– ezra
    Commented Jan 14, 2018 at 22:49

I was thinking about this over Shabbos and came up with a possible answer. I checked on the web afterwards and found this post. None of the answers provide an explanation that adequately compares the role of the earth saving Moshe by swallowing up the Egyptian victims to the role of the water saving Moshe. It would seem that the water too provided an active salvation.

Here is my best guess: They likely put Moshe in the water at the end of town that they lived which was far from the palace and normally the current would have taken the basket to the shore long before reaching the palace region and he would have been found by a random Egyptian who would have likely killed him (figuring he was Jewish child). The water kept the basket in the middle of the body of water far from the shore the whole time so that even bas paroah had to miraculously (or figuratively) stretch out very far to take the basket.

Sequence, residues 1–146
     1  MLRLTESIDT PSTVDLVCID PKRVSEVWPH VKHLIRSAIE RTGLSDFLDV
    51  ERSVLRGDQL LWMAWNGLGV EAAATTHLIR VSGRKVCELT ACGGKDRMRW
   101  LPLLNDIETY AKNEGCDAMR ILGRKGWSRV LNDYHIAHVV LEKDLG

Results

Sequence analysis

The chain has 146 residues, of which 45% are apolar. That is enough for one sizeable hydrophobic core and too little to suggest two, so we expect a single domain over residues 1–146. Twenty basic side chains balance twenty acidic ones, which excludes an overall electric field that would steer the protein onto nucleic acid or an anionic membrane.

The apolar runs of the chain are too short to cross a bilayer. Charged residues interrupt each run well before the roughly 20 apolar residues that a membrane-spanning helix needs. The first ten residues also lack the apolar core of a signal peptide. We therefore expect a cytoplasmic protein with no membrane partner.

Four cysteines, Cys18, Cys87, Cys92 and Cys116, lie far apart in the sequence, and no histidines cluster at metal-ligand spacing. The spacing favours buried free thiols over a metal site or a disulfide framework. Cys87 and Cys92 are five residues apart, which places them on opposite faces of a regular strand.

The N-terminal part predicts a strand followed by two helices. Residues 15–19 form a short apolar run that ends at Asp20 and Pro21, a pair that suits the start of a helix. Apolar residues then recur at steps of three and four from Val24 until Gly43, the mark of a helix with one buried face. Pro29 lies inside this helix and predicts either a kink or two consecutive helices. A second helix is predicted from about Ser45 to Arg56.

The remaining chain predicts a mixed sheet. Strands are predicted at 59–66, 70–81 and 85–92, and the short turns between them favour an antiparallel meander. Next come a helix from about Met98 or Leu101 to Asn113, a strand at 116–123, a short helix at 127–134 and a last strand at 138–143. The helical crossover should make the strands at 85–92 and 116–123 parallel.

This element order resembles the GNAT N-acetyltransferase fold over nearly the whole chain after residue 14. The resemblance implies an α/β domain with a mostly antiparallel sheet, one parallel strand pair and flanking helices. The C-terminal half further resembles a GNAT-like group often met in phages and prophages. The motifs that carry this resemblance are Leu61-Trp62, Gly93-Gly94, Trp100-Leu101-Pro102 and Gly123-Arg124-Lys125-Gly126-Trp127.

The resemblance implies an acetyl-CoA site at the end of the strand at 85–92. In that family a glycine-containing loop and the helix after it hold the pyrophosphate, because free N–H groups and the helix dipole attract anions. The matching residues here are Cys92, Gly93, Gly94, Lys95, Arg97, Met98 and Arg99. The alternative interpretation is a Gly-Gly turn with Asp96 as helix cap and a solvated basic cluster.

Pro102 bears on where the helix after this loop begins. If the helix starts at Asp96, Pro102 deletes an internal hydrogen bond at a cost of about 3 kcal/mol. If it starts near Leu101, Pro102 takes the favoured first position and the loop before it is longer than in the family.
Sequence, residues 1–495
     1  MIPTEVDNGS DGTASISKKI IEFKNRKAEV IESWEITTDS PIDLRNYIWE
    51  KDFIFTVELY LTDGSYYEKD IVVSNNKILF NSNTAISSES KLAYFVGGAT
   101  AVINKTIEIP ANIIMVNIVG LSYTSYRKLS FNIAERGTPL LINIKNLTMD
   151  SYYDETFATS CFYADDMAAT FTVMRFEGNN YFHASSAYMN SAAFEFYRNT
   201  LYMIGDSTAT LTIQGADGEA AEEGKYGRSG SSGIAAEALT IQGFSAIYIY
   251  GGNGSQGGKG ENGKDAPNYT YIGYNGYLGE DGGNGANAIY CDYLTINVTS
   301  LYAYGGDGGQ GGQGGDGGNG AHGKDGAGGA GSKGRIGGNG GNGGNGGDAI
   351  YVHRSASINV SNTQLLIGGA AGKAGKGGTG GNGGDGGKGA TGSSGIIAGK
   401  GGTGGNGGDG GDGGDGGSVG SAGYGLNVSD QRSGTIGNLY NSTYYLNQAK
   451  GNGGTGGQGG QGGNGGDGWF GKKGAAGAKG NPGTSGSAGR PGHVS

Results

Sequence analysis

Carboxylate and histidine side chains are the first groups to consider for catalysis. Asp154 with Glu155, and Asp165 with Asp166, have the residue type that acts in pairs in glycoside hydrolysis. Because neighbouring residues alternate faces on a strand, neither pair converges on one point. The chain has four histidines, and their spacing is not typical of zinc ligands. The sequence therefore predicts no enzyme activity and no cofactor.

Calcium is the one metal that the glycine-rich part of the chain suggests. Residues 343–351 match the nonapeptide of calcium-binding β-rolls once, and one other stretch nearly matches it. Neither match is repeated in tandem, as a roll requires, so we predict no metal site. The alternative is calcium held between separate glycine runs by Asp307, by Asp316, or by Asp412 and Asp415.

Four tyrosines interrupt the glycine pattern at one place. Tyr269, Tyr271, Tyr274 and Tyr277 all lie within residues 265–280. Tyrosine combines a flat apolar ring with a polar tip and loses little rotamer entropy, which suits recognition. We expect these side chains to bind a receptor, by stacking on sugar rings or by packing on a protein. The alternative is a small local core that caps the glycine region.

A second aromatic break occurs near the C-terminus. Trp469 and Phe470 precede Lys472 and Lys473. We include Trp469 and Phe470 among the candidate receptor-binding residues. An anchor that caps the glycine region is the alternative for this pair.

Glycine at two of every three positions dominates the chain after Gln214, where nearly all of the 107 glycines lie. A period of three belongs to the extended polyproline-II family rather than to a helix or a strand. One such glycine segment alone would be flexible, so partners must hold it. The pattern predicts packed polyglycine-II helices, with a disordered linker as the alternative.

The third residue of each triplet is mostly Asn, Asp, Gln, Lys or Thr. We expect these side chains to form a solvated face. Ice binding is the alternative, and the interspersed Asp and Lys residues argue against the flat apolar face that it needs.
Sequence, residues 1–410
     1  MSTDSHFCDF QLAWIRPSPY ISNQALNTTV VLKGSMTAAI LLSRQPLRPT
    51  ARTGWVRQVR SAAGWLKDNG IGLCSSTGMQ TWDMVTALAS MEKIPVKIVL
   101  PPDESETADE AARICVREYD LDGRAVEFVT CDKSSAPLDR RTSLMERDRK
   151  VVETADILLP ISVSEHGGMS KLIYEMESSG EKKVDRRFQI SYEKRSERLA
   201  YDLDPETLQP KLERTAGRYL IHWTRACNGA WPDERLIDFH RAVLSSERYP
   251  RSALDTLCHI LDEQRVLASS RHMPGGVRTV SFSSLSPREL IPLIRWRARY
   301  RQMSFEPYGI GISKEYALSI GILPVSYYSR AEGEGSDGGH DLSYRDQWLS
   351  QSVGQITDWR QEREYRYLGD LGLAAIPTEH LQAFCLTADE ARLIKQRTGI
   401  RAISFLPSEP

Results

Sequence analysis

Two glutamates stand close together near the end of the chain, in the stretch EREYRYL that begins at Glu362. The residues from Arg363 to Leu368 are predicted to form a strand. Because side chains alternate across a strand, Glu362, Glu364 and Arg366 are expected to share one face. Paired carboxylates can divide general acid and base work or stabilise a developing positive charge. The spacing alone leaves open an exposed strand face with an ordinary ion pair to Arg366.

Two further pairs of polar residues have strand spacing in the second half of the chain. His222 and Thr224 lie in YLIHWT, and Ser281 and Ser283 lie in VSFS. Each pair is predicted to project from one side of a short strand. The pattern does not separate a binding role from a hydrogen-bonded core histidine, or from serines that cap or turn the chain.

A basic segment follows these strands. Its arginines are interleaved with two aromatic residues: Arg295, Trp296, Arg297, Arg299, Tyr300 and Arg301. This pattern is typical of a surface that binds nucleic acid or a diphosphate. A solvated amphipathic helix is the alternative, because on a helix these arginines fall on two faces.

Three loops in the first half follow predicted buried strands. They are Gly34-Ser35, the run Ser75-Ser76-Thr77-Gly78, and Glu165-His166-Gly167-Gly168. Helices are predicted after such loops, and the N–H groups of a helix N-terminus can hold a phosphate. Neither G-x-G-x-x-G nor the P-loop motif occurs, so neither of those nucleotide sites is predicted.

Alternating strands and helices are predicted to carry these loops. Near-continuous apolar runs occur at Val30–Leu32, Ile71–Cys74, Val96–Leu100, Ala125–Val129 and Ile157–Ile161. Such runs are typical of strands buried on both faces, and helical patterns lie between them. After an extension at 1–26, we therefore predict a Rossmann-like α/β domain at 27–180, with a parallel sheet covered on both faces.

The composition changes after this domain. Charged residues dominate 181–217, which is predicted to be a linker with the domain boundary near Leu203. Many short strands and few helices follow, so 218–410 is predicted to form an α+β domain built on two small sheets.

As seen in Sotah 12b, Pharaoh's astrologers saw that the Savior of Israel (Moshe) would meet his end through water.* That was why the decree was to throw the boys into the Nile. Once Moshe was placed in the basket which was then subsequently placed in the Nile's water, the astrologers saw that the Savior of Israel had been "thrown" in the water and the decree to kill all of the baby boys ended.

Shemos Rabbah 1:21 continues and says that they no longer looked for him.

So in reality the Nile did indeed save him. Had he been hidden anywhere else the astrologers would not have been tricked into thinking he'd met his end and the decree to kill all the Jewish baby boys would have continued.

*See Bamidbar 20:7-13 to understand why Moshe's "demise" came about through water (albeit in a different way than the Egyptian astrologers were thinking).

  • Best answer, IMHO! :-D